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October 27, 2009
Clay may be the “unsung hero” of natural skin care, according to Evan Healy, a San Diego-based aesthetician and founder of the Evan Healy personal care line, but numbers show that this natural therapy is growing in popularity. According to Schaumburg, Ill.-based market research firm SPINS, sales of natural face masks (which include commercial clay and mud products) increased 7.7 percent in conventional retailers for the year ending in June. Why the bump? “A lot of people want to make their own cosmetics, due to an increased awareness of the extra stuff in commercial products, and it’s also more cost-effective,” says Anne Nolan, customer service specialist at Cambridge Naturals store in Cambridge, Mass.
Used to cleanse and exfoliate skin, clays are rich in silica, calcium, iron, magnesium and other trace minerals that detoxify the skin and draw out impurities, according to Healy. “I tell people that if you get outbreaks when you use a clay mask, that’s a good thing; it means the clay is doing its job,” says Jocelyn Clark, a body care expert at Debra’s Natural Gourmet in Concord, Mass.
In-store merchandising and sampling presents a dilemma, though, because, as Nolan says, “You really need to take it home and give it a try.” Clarke agrees. “We often send people home with a sample from a tester jar,” she says. Debra’s also hosts a “facial night” twice a year, which helps familiarize customers with clays.
Clay is available bagged, jarred, in bulk and in prepared masks. In addition to the basic clays described below, many commercial masks mix two or more varieties in one product. Examples include Burt’s Bees Pore Refining Mask, Queen Helene Mud Pack Masque and BWC Facial Mask. Clays range in price from about $7 per pound for Aztec Secret (made from bentonite) and $10 for bulk rhassoul to $21 for commercial masks such as Zia’s French Clay Mask (1 ounce) and $28 for Ahava’s Purifying Mask (5.3 ounces).
Popular for facial masks and commercial facial products, bentonite is pale gray and comes from volcanic ash. Most natural deposits of pure sodium bentonite are in the western United States, primarily Wyoming, Montana, California and South Dakota. Mixed sodium/calcium bentonite (which makes a milder clay known as fuller’s earth) is mined in Greece, India and the Ukraine.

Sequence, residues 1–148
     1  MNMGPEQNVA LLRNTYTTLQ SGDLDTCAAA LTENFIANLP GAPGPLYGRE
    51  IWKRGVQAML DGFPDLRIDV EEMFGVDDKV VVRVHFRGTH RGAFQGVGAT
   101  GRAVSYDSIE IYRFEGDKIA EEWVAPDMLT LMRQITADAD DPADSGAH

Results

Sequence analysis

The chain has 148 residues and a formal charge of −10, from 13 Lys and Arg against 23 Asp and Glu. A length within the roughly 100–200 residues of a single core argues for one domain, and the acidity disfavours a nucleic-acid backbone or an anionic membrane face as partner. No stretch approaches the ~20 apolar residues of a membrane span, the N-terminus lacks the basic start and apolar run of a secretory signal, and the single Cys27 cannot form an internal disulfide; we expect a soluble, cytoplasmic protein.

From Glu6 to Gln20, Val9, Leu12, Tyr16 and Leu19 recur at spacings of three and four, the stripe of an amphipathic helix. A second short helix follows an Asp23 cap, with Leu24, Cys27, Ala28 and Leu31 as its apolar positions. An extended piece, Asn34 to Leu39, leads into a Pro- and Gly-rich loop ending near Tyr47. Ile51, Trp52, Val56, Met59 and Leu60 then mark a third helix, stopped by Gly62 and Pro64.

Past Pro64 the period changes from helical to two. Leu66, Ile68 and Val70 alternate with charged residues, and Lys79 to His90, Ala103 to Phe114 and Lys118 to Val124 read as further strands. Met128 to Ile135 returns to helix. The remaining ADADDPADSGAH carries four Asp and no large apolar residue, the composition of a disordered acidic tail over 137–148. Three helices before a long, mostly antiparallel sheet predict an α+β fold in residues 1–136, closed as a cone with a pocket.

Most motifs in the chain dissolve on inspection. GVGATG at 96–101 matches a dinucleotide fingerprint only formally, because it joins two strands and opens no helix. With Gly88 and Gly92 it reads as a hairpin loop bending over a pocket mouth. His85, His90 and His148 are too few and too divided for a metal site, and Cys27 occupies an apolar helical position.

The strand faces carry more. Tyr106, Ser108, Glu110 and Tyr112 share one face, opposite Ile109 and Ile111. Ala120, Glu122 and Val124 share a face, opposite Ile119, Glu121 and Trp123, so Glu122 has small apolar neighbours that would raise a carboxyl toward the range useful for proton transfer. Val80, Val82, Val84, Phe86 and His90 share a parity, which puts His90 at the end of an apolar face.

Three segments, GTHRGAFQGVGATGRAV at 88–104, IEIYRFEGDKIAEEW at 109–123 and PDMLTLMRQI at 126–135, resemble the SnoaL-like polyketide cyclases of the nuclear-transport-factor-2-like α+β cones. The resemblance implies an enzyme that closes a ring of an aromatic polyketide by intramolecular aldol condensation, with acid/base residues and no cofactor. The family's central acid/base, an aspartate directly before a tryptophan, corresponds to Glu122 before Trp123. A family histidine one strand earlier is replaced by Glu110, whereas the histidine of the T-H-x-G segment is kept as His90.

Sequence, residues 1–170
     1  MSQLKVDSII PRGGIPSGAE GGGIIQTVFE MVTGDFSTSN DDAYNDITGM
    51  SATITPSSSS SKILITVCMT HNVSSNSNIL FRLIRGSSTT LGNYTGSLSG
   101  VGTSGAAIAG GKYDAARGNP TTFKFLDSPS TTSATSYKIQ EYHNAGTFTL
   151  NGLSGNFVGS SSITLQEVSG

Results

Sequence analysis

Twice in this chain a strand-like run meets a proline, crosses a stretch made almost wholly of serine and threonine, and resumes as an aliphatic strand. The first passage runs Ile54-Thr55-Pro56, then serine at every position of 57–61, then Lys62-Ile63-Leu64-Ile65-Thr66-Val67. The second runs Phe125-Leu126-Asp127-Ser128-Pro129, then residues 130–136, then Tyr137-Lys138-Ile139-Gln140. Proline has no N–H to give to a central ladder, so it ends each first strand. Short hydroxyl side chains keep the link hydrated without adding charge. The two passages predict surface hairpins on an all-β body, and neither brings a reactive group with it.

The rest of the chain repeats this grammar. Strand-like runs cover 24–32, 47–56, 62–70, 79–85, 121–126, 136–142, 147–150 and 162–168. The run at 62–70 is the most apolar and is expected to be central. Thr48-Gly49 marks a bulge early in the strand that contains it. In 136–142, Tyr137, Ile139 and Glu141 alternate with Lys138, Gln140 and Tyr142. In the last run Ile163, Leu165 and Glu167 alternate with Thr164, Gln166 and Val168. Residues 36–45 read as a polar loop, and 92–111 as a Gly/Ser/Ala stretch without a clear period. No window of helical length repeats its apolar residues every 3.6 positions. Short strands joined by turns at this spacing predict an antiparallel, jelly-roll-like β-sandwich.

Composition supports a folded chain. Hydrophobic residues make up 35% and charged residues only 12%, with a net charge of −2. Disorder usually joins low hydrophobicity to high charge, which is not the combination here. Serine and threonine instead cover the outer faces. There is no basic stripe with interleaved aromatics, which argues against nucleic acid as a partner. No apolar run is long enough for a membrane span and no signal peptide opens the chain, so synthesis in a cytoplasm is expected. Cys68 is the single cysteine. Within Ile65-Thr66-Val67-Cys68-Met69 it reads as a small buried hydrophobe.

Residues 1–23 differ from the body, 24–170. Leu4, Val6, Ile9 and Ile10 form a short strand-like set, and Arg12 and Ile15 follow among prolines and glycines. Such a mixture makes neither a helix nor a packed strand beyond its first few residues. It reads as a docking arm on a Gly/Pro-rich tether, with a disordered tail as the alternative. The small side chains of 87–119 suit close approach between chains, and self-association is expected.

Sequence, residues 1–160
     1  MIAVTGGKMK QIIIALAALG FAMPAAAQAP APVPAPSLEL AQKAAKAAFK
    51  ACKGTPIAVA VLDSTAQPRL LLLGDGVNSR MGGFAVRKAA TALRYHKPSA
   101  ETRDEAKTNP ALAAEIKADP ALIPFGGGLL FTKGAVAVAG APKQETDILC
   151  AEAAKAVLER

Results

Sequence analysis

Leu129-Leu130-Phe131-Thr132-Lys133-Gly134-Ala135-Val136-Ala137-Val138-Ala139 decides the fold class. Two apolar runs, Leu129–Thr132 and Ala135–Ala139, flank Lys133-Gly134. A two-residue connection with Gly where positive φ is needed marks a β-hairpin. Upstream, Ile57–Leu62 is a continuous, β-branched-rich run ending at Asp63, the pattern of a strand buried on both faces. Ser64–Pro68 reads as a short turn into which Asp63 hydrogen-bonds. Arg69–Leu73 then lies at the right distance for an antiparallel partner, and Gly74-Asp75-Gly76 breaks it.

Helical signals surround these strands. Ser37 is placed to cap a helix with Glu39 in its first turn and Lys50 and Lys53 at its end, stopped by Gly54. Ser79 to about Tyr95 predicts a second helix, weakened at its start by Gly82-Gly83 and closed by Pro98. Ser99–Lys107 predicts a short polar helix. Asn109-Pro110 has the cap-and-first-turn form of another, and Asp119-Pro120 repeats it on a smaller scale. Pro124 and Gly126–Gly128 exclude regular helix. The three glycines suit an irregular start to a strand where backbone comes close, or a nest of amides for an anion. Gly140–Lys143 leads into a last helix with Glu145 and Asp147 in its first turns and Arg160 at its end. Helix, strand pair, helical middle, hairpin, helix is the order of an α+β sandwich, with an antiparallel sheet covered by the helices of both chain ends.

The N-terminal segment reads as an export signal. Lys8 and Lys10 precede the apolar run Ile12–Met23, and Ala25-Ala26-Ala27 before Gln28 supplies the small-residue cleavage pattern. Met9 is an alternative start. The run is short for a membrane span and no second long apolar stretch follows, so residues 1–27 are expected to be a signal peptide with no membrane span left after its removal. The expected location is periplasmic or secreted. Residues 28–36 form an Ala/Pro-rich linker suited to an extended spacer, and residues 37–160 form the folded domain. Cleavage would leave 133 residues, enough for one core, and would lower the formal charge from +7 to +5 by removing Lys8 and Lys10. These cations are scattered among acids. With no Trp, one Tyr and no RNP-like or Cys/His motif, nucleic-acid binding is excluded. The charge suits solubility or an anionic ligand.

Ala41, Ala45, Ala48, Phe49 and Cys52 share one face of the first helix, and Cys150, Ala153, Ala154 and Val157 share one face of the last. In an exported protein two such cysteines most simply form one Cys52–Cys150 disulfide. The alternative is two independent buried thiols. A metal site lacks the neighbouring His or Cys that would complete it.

Considered one of the most powerful healing clays because of its swelling and absorption properties, bentonite’s molecular structure changes when water is added, producing an electric charge. The clay swells like a porous sponge, and the electric attraction draws out toxins from the skin and binds them to the clay, according to Clark.
This popular therapeutic clay is mined in China, Wyoming, Montana and southern France. It is then sundried, crushed into a green powder and dried again to remove remaining water. The clay’s greenish color comes from iron oxides and decomposed organic matter, mostly phytonutrient-rich sea kelp and algae. It also has a high mineral content, including magnesium, calcium, potassium, manganese, phosphorus, zinc, aluminum, silicon, copper, selenium and cobalt, which all nourish skin, says Healy.
French green clay is best for toning and exfoliating the skin as well for pulling out excess oil. It draws out impurities, boosts blood flow and helps slough off dead skin cells, says Shawn Donnille, operations manager and director of quality control for Eugene, Ore.-based Mountain Rose Herbs. French green clay is mild enough to be used daily for acne treatment and is popular for spot-treating breakouts. Donnille does not recommend it for dry skin because it draws out too many oils.
Also called cosmetic clay, kaolin comes in red (rose clay), white (China clay) and yellow varieties. Its name derives from the province in China where it was originally mined.
Red kaolin is best suited for normal to dry skin; it gently cleanses and exfoliates while boosting circulation, Clark says. White kaolin is the mildest of all clays and is often recommended for sensitive skin to stimulate blood flow and gently cleanse. Since they don’t draw out oils from the skin, white and yellow kaolin are also suitable for dry skin. These relatively mild, multipurpose clays are often added to commercial facial masks as well as soaps and other cleansers.
Found only in the Atlas Mountains in Morocco, rhassoul’s use as a beauty aid dates back to the ancient Romans and Egyptians. Rhassoul is a smectic—or swelling—clay, making it extremely absorbent. It also contains relatively high percentages of silica, magnesium, potassium, calcium and other trace minerals, which detoxify the skin by pulling out and replacing substances such as metals and unwanted oils, Donnille says.
Can clay be green?
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